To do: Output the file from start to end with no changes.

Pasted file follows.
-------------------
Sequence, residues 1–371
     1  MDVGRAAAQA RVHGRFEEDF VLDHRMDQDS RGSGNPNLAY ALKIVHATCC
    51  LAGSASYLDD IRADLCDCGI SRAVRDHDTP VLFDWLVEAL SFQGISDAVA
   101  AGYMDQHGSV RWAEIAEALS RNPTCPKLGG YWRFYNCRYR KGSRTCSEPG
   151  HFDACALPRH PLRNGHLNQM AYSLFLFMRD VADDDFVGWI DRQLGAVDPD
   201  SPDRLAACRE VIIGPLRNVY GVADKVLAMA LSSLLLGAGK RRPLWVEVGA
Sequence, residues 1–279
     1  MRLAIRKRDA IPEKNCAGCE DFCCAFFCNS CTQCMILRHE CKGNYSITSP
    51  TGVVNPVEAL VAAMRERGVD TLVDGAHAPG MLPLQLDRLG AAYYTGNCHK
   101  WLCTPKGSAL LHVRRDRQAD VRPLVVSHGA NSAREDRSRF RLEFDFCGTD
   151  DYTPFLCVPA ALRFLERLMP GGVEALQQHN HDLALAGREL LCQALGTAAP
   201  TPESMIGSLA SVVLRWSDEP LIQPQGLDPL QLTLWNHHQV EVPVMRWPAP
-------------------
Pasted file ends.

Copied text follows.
Sequence, residues 1–371
     1  MDVGRAAAQA RVHGRFEEDF VLDHRMDQDS RGSGNPNLAY ALKIVHATCC
    51  LAGSASYLDD IRADLCDCGI SRAVRDHDTP VLFDWLVEAL SFQGISDAVA
   101  AGYMDQHGSV RWAEIAEALS RNPTCPKLGG YWRFYNCRYR KGSRTCSEPG
   151  HFDACALPRH PLRNGHLNQM AYSLFLFMRD VADDDFVGWI DRQLGAVDPD
   201  SPDRLAACRE VIIGPLRNVY GVADKVLAMA LSSLLLGAGK RRPLWVEVGA
Sequence, residues 1–279
     1  MRLAIRKRDA IPEKNCAGCE DFCCAFFCNS CTQCMILRHE CKGNYSITSP
    51  TGVVNPVEAL VAAMRERGVD TLVDGAHAPG MLPLQLDRLG AAYYTGNCHK
   101  WLCTPKGSAL LHVRRDRQAD VRPLVVSHGA NSAREDRSRF RLEFDFCGTD
   151  DYTPFLCVPA ALRFLERLMP GGVEALQQHN HDLALAGREL LCQALGTAAP
   201  TPESMIGSLA SVVLRWSDEP LIQPQGLDPL QLTLWNHHQV EVPVMRWPAP